Multiverse necessary for support of atheism.

amazon.com/Behind-The-Cosmic-Veil-Supernatural/dp/0983766304

Just heard Thomas Fusco interviewed. His “theory of everything” physics explains all kinds of phenomenological events, including the miracles of Jesus. As a Christian, Fusco noted that the missing material in our universe is so suggestive of intervention by deity that atheists are scrambling to bolster the notion of a multiverse. This, Fusco suggests, would allow atheists to dismiss all things spiritual, including God, by positing that miracles were just leakage, so to speak, from another of the multi-universes.

The book is published by the church he attends, and he’s yet another guy with a pet theory. He calls it supergeometry (pet theories always have a brand name) which "describes a new model of supernatural mechanics, which not only explains the behavior of strange phenomena like the paranormal and UFOs, but also provides compelling answers to some of the fundamental problems facing physics today. This cosmological model is based in part on a lost Biblical cosmology that has been hiding in plain sight for centuries :D" - latenightinthemidlands.com/video/late-night-in-the-midlands-with-guest-thomas-p-fusco.

Puh-lease. Guys like this give Christianity a bad name. It’s embarrassing. :o

Looks to me like another God-of-the-gaps. He has found something that science can’t explain yet, and has fitted his version of God into the gap. His problem is that science works to fill gaps, so his version of God can only get smaller as science learns more: ‘Multiverse’ theory suggested by microwave background.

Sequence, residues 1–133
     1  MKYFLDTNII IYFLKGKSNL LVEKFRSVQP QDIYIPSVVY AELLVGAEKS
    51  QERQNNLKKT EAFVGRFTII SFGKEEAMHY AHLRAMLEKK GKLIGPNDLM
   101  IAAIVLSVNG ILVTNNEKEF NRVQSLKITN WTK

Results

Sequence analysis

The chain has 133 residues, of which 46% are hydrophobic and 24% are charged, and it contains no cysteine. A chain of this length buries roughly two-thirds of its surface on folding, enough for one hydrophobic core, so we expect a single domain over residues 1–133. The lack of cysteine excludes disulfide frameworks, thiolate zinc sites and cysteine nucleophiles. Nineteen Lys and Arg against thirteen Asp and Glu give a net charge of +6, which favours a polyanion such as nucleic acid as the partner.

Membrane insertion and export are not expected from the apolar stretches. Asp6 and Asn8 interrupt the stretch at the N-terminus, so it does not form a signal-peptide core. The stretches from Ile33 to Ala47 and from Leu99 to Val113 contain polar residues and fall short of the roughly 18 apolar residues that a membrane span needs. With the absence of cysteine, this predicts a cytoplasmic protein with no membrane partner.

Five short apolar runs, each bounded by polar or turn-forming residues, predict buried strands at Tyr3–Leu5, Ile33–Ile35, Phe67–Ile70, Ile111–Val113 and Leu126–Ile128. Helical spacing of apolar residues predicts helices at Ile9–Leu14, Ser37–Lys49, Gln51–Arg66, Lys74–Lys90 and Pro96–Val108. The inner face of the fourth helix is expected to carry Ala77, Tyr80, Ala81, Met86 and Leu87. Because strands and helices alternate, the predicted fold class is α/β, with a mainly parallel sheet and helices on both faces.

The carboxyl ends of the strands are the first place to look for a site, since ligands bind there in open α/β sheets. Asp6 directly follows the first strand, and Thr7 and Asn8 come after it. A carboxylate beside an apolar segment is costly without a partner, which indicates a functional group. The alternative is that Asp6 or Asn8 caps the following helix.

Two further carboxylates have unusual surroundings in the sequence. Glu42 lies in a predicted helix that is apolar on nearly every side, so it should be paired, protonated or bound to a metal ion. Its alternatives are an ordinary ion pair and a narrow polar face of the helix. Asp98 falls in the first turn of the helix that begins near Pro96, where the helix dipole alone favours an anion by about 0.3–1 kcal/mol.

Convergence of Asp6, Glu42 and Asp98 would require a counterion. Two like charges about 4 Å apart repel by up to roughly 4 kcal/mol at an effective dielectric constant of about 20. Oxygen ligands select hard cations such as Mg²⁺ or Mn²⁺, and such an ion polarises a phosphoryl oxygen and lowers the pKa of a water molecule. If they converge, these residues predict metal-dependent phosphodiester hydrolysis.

rossum

We non-believers have no need to scramble in relation to anything but eggs. We have no churches to maintain. and no beliefs to protect. We simply welcome investigation and new understanding. We are not in competition with believers. (Actually some of us don’t quite behave like this, but most of us do).

where did the multis come from.

A question that can just as easily be applied to any god, if you ignore the unsupported assertion that god just “always” existed.

To what standard of support are you appealing? How does one support an assertion about God?

If you think that God created time and space, it’s more understandable.

The same way one supports any assertion about the way the world really is - with testable, repeatable, empirical data, with real, demonstrable phenomena (even if they are demonstrable in a context removed from the moment, 13-billion-or-so years ago, that our universe sprang into existence). The multiverse is presently a hypothesis, yet to graduate to the status of a scientific theory, but when coupled with the testable phenomenon of quantum fluctuation, it is becoming increasingly plausible.

The whole idea of a universe being ‘created from nothing’ is deeply flawed anyway. To begin with, even if one assumes a creator god, that is still not the philosopher’s ‘nothing’. That is a universe from god, not a universe from nothing. Then, it may well be that the philosopher’s nothing, being a state of absolute non-existence, never obtained, and there is actually no reason to think it ever did. The physicist’s ‘nothing’ is alive with quantum fluctuations and virtual particles, any of which may have had the potential to cause a universe. This is far, far closer to an explanation of how the universe came to be than any appeal to the creative whim of a personal god who magicked everything into existence.

Two questions:

  1. If truth happened to be non-falsifiable would the scientific method ever be capable of grasping and accepting the truth?

  2. Does 1 + 1 = 2? If so, why?